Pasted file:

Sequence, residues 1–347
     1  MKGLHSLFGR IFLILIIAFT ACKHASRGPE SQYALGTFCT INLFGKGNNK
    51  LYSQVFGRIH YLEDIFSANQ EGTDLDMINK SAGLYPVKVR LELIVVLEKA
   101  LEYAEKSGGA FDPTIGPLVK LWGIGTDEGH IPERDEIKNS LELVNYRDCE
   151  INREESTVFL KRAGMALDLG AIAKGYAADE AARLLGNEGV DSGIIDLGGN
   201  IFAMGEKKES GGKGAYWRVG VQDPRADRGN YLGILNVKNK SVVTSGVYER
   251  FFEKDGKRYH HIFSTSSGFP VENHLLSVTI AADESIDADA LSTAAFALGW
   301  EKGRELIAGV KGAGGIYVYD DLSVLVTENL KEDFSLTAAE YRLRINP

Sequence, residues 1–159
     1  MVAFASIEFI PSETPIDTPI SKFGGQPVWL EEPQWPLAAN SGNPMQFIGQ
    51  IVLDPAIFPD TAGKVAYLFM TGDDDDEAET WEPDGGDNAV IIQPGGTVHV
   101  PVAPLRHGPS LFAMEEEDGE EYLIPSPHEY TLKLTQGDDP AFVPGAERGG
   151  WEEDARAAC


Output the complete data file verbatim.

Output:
Sequence, residues 1–347
     1  MKGLHSLFGR IFLILIIAFT ACKHASRGPE SQYALGTFCT INLFGKGNNK
    51  LYSQVFGRIH YLEDIFSANQ EGTDLDMINK SAGLYPVKVR LELIVVLEKA
   101  LEYAEKSGGA FDPTIGPLVK LWGIGTDEGH IPERDEIKNS LELVNYRDCE
   151  INREESTVFL KRAGMALDLG AIAKGYAADE AARLLGNEGV DSGIIDLGGN
   201  IFAMGEKKES GGKGAYWRVG VQDPRADRGN YLGILNVKNK SVVTSGVYER
   251  FFEKDGKRYH HIFSTSSGFP VENHLLSVTI AADESIDADA LSTAAFALGW
   301  EKGRELIAGV KGAGGIYVYD DLSVLVTENL KEDFSLTAAE YRLRINP

Sequence, residues 1–159
     1  MVAFASIEFI PSETPIDTPI SKFGGQPVWL EEPQWPLAAN SGNPMQFIGQ
    51  IVLDPAIFPD TAGKVAYLFM TGDDDDEAET WEPDGGDNAV IIQPGGTVHV
   101  PVAPLRHGPS LFAMEEEDGE EYLIPSPHEY TLKLTQGDDP AFVPGAERGG
   151  WEEDARAAC